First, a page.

Parity is an IT business with three separate divisions: one provides IT advice and sets up new computer systems for business; a second provides IT training; and a third is a staffing business, supplying IT contractors to work on temporary projects. It has been in a mess since the millennial IT spending boom turned to bust. Its pitch now is that, with a spending recovery in its early stages, and having slashed costs to the bone, things are coming together in 2004. Worth a punt.


Costain, the building firm, stared administration in the face in the 1990s, but it has pulled itself back from the brink. The key has been shifting the business away from building contracts paid for with a single upfront payment, where the risk of cost overruns is born entirely by Costain. But 15 per cent of turnover still comes in this way and the company also has a £40m pension fund deficit. Since a resumption of dividend payments cannot now be expected until next year, the shares are too expensive.


IP2IPO, an intellectual property "incubator", has first dibs on ideas from Oxford University's chemistry department, King's College London and the universities of York and Southampton. Inevitably, though, there will be more duds than triumphs in such an early stage portfolio and it is difficult to see returns justifying the company's market value for many years. Avoid.


When businesses need fuses, screwdrivers, semiconductors, engines and other mechanical bits and pieces, Premier Farnell - which has 6 million different products in stock - delivers them overnight. It has little idea from one week to the next what the strength of orders will be and as such it is one of the purest plays on the economic cycle. The shares price in a swift economic rebound, but the 4 per cent dividend yield gives support. Hold.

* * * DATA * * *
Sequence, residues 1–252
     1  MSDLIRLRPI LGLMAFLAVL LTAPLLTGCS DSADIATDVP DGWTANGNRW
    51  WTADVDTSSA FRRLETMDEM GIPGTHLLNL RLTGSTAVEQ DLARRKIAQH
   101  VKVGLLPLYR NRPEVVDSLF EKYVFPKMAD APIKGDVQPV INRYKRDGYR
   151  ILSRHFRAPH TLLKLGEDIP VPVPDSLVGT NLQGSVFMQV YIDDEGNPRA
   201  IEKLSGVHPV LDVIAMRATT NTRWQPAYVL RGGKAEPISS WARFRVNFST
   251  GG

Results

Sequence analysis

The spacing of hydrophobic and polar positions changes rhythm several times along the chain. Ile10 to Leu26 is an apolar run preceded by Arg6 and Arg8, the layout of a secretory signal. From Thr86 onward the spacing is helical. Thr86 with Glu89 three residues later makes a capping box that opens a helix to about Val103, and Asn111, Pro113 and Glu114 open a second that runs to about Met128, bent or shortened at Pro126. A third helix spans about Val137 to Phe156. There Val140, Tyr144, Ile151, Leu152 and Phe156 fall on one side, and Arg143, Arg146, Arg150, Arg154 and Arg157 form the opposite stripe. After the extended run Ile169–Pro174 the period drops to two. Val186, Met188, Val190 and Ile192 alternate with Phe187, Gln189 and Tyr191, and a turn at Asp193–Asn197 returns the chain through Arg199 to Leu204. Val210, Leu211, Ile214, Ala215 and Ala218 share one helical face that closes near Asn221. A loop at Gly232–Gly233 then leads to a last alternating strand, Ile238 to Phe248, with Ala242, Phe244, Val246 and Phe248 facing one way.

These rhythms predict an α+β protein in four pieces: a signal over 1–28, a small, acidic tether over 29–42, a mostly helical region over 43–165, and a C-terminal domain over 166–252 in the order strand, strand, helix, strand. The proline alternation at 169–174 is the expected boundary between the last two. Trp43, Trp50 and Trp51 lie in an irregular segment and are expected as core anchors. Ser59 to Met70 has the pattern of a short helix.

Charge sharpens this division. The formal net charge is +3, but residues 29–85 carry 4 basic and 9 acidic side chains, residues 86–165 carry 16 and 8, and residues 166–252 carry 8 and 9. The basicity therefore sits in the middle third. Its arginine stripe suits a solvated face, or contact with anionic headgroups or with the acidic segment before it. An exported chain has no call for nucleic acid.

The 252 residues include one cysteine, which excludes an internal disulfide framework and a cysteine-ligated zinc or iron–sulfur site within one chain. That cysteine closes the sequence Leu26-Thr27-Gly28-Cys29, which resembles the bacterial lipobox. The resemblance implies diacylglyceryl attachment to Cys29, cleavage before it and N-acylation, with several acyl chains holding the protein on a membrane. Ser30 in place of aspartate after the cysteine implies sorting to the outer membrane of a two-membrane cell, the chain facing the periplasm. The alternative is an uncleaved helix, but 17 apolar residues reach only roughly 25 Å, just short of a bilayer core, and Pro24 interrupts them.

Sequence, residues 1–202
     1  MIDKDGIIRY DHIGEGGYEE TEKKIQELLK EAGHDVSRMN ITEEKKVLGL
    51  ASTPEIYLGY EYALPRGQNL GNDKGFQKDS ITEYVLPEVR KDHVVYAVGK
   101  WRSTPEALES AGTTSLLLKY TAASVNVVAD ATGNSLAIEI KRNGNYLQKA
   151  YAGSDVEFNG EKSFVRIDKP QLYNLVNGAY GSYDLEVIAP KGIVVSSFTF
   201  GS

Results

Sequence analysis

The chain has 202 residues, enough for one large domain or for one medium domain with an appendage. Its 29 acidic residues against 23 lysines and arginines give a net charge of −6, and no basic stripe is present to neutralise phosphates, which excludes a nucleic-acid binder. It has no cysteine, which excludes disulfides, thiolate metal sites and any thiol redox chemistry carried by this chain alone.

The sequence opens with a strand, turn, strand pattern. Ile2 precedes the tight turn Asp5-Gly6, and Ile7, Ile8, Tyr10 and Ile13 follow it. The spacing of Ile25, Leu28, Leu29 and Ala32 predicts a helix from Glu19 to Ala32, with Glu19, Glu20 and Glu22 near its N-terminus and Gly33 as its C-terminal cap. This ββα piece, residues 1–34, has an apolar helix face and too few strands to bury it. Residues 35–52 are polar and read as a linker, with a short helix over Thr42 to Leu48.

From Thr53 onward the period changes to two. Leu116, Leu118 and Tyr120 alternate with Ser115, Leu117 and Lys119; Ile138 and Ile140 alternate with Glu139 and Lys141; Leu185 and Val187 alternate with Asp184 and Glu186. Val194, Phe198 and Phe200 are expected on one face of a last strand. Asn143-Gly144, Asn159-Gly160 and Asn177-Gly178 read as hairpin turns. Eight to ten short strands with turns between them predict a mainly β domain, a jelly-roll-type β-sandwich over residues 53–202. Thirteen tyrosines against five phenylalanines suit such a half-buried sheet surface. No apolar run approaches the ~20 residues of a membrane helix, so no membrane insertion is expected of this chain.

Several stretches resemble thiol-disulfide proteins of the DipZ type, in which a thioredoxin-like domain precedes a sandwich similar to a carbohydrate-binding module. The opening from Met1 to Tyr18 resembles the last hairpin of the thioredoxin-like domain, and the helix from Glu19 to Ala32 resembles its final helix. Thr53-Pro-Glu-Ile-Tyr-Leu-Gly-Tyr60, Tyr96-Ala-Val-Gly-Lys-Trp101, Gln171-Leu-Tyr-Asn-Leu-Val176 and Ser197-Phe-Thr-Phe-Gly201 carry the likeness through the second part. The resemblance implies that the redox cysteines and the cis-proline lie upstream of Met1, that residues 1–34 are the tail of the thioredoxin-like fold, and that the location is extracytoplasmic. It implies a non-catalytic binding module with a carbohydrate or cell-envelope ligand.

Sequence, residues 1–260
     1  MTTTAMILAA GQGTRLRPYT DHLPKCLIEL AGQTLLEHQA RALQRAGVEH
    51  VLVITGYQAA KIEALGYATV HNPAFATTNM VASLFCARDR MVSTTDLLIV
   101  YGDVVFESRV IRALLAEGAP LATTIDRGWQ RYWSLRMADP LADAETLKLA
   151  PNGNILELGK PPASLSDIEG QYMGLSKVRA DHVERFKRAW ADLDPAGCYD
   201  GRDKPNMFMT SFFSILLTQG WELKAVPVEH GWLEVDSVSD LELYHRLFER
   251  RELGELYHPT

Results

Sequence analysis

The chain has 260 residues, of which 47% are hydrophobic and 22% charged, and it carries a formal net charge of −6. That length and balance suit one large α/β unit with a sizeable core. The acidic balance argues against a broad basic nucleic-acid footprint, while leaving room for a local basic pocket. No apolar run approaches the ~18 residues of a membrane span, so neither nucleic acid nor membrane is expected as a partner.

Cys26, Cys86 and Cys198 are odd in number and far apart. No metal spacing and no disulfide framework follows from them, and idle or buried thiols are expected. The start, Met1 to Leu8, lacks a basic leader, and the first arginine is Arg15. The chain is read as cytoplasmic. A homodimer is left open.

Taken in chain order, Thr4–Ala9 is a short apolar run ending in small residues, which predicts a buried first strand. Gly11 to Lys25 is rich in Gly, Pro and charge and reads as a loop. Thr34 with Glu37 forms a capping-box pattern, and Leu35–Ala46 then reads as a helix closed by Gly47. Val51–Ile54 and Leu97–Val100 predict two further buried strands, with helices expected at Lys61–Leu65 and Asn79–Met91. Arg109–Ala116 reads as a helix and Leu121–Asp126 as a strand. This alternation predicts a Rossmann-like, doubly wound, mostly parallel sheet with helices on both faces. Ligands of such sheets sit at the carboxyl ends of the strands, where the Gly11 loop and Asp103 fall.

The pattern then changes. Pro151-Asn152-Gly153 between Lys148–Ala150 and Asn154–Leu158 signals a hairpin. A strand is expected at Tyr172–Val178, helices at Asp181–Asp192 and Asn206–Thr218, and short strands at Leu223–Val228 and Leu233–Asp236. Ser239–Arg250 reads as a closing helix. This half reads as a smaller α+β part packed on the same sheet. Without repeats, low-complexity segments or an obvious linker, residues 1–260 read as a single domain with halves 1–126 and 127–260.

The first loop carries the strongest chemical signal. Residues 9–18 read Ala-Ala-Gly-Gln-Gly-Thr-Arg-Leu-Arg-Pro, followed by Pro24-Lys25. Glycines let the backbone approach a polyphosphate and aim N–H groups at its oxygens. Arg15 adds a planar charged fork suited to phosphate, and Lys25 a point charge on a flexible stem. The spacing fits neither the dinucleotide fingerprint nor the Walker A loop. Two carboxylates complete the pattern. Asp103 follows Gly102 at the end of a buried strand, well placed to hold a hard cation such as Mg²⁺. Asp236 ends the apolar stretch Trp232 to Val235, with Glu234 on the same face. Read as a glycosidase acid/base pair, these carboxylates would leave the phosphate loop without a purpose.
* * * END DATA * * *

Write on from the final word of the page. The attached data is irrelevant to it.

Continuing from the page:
Derwent Valley buys down-at-heel properties in central London where the tenants are on unattractive short leases, gives the place a revamp, and gets in new long-term tenants, then sells at a profit. A potential bidder was sent packing after offering 800p a share. Given the short-term economic recovery potential, the medium-term possibility of conversion to a tax-efficient investment trust, and the long-term strength of the business model, Derwent is worth considerably more. Buy.

Sit tight for Celltech's arthritis drug

Shares in Celltech, the UK's biggest biotech group, plunged 20 per cent in a day when Pfizer, the world's largest drugmaker, said last November that it would abandon a multi-million pound deal to develop Celltech's promising rheumatoid arthritis (RA) drug. The news didn't initially look like "an unexpected opportunity" for Celltech, but that was how it was being spun by this week's annual results.

Celltech believes there is room for another RA treatment of this class, even though the market will be quite crowded by the time it launches in 2007. The company should sign a new partner by mid-year. More importantly, it now has the rights to develop the product, called CDP870, as a treatment for Crohn's disease, a nasty bowel complaint, and psoriasis, the skin problem.

As with all biotech projects, there are no guarantees that CDP870 really will get on the market, and the drug has only shown equivocal results in Crohn's. But Celltech at least will not have to tap shareholders to keep the work progressing. It can pay for its risky biotech projects thanks to its cash-generative marketing of cough and cold medicines.

Celltech shares look expensive, reflecting optimism for CDP870 and a revival of interest in the wider biotech sector. Risk averse investors will want to wait for clarity on the RA partnership deal before chasing what is, after all, still a long-term story.

The above are a selection of recommendations from the daily Investment Column